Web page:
The Museum Is Currently Closed Due to Coronavirus (COVID-19)
In accordance with the guidance of the Arlington Department of Health and Human Services, the Old Schwamb Mill in Arlington is closed to the public for in-person tours or visitation as of December 15, 2020.
More information about regional closures from the Town of Arlington can be read here.
We look forward to reopening when conditions warrant. In the mean time, we encourage those interested in the Mill Board of Directors to enjoy our updated Video page and our frequent “Schwamb Shares” blog.
Schwamb Mill Preservation Trust, Inc.
Support the Mill’s Annual Appeal
For the Old Schwamb Mill and its many supporters, 2020 has been a year like no other. Despite the pandemic – as our Works in Progress bulletin illustrates – the directors and staff have found plenty of ways to further the Mill’s mission, through research, writing and repair of the Mill’s public-facing spaces indoors and outdoors. Through our monthly blog series, filmed tours, and live virtual events on Zoom and ACMi, we’ve done our best to keep up communication with the Mill’s audience, locally and across the country.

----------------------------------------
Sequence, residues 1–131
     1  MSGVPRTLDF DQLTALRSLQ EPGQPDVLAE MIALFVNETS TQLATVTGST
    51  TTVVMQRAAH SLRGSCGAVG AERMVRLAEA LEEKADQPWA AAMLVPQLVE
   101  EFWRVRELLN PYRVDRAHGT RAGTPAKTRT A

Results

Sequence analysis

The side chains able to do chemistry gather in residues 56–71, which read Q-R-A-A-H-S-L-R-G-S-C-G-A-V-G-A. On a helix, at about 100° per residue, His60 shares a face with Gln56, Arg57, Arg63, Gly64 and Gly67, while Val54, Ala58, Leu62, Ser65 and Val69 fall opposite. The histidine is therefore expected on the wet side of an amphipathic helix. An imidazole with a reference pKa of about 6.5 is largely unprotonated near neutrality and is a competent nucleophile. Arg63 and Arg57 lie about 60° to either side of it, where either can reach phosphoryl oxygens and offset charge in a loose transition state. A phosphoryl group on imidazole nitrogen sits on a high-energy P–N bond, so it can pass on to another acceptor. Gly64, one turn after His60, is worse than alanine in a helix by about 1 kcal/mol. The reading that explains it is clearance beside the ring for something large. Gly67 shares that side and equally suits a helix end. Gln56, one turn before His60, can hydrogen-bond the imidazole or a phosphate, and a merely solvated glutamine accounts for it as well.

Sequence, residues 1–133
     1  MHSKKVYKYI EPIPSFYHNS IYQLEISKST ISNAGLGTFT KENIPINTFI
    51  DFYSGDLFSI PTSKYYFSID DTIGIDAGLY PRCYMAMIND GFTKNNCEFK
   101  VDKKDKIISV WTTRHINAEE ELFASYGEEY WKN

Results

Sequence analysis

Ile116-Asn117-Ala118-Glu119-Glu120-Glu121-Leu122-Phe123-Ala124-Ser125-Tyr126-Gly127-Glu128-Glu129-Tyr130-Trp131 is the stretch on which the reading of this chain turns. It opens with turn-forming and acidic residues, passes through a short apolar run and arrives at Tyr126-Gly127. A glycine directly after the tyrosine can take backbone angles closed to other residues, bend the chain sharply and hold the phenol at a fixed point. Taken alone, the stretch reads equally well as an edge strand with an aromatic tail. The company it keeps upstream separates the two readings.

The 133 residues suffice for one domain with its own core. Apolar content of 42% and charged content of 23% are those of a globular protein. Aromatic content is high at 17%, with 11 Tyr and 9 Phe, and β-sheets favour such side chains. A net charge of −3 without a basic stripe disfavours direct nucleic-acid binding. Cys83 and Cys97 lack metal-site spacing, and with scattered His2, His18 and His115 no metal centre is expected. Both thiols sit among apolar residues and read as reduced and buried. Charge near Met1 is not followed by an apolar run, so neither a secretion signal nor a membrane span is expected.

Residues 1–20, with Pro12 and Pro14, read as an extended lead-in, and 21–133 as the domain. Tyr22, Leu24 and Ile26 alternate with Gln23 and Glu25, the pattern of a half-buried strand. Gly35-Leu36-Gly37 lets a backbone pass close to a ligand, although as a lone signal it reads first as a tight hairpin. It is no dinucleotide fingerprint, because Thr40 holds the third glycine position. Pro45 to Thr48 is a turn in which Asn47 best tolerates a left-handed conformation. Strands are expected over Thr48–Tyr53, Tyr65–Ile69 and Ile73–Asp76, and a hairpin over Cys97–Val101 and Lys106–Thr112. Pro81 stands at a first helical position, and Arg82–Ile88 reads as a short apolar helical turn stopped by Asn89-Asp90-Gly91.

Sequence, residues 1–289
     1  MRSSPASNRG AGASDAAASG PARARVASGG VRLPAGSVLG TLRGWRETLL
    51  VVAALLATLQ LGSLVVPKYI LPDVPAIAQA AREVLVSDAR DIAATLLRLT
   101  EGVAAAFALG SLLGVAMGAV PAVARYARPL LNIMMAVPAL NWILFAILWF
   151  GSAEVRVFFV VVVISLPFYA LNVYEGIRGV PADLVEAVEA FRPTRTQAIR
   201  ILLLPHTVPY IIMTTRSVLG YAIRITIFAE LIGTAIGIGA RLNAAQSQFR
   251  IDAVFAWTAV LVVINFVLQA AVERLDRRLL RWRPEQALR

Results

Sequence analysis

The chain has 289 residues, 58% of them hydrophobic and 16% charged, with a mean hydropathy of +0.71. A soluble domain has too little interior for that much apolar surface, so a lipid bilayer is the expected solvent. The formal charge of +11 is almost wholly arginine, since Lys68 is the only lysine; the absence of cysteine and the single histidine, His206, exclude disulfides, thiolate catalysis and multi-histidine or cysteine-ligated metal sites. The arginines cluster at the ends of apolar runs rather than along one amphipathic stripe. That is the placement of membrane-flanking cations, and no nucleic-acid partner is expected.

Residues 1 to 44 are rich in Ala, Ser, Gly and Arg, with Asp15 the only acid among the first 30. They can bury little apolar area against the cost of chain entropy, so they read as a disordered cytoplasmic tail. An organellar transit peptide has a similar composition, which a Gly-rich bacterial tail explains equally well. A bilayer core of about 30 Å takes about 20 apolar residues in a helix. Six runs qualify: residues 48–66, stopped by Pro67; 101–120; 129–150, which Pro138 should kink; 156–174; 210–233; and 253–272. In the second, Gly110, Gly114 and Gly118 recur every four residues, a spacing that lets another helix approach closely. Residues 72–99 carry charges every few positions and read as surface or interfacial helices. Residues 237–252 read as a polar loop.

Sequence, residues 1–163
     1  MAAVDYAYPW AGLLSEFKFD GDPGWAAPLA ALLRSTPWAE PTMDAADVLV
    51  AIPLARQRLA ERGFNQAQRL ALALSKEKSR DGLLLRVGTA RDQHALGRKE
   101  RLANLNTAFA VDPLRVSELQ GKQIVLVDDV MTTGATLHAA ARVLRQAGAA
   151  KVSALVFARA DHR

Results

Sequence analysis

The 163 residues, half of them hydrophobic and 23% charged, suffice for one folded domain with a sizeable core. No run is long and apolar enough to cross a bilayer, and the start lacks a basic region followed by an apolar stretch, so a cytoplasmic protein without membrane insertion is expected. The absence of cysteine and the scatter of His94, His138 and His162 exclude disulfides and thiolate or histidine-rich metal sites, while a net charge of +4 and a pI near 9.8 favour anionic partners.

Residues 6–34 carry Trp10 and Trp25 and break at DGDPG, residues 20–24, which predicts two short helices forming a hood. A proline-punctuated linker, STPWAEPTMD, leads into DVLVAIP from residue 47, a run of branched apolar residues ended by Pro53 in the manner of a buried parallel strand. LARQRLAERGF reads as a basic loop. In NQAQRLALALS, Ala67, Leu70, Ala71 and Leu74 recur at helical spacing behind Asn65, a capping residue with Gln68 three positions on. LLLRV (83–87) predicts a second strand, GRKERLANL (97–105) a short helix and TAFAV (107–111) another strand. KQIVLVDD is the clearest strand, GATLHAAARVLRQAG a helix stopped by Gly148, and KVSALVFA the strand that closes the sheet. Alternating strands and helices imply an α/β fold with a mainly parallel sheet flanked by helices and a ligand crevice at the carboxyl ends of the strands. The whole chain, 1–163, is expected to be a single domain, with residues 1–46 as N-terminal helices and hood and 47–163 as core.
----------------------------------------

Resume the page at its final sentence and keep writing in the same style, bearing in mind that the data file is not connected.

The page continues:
If our efforts have made a difference, we hope you will join us with your financial support at year’s end. Even a modest gift makes the Mill’s maintenance and day-to-day work easier now and in the coming year.
The Old Schwamb Mill in Arlington, Massachusetts, is located on the oldest continuously operating mill site in the United States. Mills have been located on the main building site since the late 1600s. In 1971, the Old Schwamb Mill was listed on the United States National Register of Historic Places.
In 1864, Charles Schwamb purchased a rebuilt, two-and-a-half story wood frame industrial building that had been built three years earlier but never occupied. The Schwambs proceeded to build west and east wing additions in 1869 and the early 1880s, respectively and were still making picture frames on the premises as late as 1969. After 105 years operating as a family-owned business, a remarkable transition from working factory to a living history museum was made possible by the vision and determination of Arlington resident and early preservationist Patricia Cunningham Fitzmaurice.
The Mill’s unique 19th-century elliptical lathes, its original belt-driven shaft-and-pulley machinery, and the original hand-turning process are used to this day to create custom-made oval and circular frames for customers around the world.
HOURS & ADMISSION
As noted above, the Mill is currently closed to the public in line with Covid-19 precautions.